Mobile platform increases efficiency for caregivers throughout hospital
After months of research and testing, HCA is now conducting a pilot of a smartphone program that allows nurses, doctors and other clinicians to connect and share patient information without running afoul of HIPAA rules and other privacy concerns.
“We had been asking the clinical community what they wanted from a secure messaging platform on a smartphone,” says Kelly Aldrich, Chief Nursing Informatics Officer for HCA. “They told us they needed a device to communicate about many different aspects of patient care — not just messaging. So we got to work on a solution that would include requests for nurse call-bell integration, lab values, an ability to broadcast to multiple devices, and more.”
All these functions are packaged into an iPhone, and the first devices were rolled out at TriStar Southern Hills Medical Center in Nashville last summer. After receiving overwhelmingly positive feedback from clinicians and physicians, the devices are also live now at several other facilities.
“The communication is phenomenal when it comes to patient throughput,” Aldrich says. “If the PACU nurses send a message to a floor nurse that a patient’s on his or her way, they are better prepared to receive the patient. And because the system is being used by physicians, pharmacy techs, and almost everyone in the hospital, it’s improving efficiency between departments and also increasing patient satisfaction because people are getting better, quicker care.”
Adoption fast and easy
There had been some concern about how quickly staff could get used to the system, but everyone was up to speed in short order, says Chris Staigl, Chief Nursing Officer at TriStar Southern Hills.
“The transition time was nil,” Staigl says. “Texting and using a smartphone is technology that people have already embraced, so we saw usage skyrocket. It’s providing staff with a way to not only call each other, but also securely text doctors, which was something they really wanted.”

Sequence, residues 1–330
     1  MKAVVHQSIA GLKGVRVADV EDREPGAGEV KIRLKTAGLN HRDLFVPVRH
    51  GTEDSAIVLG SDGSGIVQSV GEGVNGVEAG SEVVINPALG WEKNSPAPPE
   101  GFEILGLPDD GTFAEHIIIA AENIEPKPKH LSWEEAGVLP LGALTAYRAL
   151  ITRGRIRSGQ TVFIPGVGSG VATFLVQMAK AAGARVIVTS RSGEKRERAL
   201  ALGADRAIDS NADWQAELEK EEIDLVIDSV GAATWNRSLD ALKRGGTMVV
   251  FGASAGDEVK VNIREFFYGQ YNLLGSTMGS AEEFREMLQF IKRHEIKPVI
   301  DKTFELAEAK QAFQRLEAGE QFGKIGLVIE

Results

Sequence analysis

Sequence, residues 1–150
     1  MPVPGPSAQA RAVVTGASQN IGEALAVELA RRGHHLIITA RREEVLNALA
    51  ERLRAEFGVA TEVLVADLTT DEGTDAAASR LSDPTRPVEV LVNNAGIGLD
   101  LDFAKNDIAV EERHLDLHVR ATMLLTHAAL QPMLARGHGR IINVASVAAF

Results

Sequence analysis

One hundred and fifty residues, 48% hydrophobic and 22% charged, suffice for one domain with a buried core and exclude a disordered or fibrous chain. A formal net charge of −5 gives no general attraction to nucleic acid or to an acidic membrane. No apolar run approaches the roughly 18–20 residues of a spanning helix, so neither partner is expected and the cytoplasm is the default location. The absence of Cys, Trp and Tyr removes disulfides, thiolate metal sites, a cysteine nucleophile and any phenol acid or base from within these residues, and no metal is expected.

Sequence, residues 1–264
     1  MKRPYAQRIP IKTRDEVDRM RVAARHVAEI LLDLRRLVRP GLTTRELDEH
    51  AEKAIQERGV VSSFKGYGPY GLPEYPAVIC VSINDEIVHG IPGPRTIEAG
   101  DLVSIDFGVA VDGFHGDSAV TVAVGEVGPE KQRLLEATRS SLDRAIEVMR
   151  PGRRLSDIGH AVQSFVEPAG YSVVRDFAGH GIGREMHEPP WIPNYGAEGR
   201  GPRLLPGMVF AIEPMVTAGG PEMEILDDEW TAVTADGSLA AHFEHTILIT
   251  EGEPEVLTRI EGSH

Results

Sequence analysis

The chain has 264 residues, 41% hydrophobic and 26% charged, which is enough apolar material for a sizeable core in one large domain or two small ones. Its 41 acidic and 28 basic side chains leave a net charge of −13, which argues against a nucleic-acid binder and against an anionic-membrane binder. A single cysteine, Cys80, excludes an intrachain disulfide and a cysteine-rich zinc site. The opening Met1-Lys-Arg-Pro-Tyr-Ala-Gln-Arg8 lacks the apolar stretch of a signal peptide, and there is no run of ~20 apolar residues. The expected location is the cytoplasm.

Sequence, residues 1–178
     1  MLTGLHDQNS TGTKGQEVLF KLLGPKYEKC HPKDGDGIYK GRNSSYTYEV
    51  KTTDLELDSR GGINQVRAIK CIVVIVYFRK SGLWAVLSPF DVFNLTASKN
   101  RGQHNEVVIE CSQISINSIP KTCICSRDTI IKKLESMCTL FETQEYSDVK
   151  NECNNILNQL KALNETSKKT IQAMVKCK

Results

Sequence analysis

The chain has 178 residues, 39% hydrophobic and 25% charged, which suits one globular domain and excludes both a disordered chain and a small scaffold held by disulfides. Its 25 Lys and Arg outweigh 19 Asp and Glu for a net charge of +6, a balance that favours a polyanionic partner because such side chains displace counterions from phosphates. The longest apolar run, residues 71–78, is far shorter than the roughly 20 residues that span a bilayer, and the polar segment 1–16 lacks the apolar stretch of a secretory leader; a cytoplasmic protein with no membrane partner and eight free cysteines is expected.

There are around 1,000 messages being sent daily within the facility, and a hefty portion of those also include updates on lab results, another feature that was in high demand. Within that function, the user can see if results are in and, if so, also look at the patient’s history to see if the new results trigger specific actions.
“We have a directory of everyone in the hospital on there, so you can find the person you need right away and send them pertinent information,” Staigl says. “Now everybody’s getting a lot more done, and this is just the tip of the iceberg in terms of what these phones can offer us.”
A camera feature is in development, which will allow caregivers and offsite providers to consult and deliver care not only more efficiently, but also safely. The transferred image files will be encrypted so they can’t be saved to the device, ensuring that the patient’s medical records will remain protected.
Doctors eager to get on board
Being able to see patients in her office and also handle requests from the hospital has indeed been a major selling point for Dr. Tracy Osborne, who agrees that the technology has huge ongoing potential as other features are added and integrated into it.
“The immediacy is good, and it saves a lot of time if I need to tell a nurse something,” Dr. Osborne says. “Before, I would call and get the unit secretary, who’d have to find the nurse, or take a message. This is much more fluid, because I am in immediate contact with that person. Anything that can save all of us time is going to be welcomed, and being able to see labs, and eventually imaging, is wonderful. I’m able to move quicker in terms of patient care, which is our shared goal.”
Pharmacy issues solved in seconds
Avoiding multiple calls and leaving messages is also a boon for the hospital’s lab professionals, according to the staff members who are most closely involved.
“iMobile has been a wonderful addition to our technology and workflow,” says Sarah Lynne Gates, Clinical Staff Pharmacist. “It has improved medication safety through more timely information about medication orders, and also has facilitated communication between pharmacists, physicians, nurses and other clinicians. It has helped immensely increase efficiency because the sender knows that the information has been sent directly and securely to the intended recipient.”
The program helps speed the lab process, as nurses can be easily contacted about the status of the specimens they collected, or need to collect.
“Even if they just tell us that they’ll have it soon, that’s fine,” Gates says.
“We just need to know that it’s on their list of things to do and that it’s coming to us eventually.”
Patients are pleased to hear about the new technology, although there has been some education in that regard as well.
“We give an information card that looks just like the phone case to patients,” Aldrich says. “Our care team lets our patients and family members know that we are coordinating care in both synchronous and asynchronous ways to best serve them.”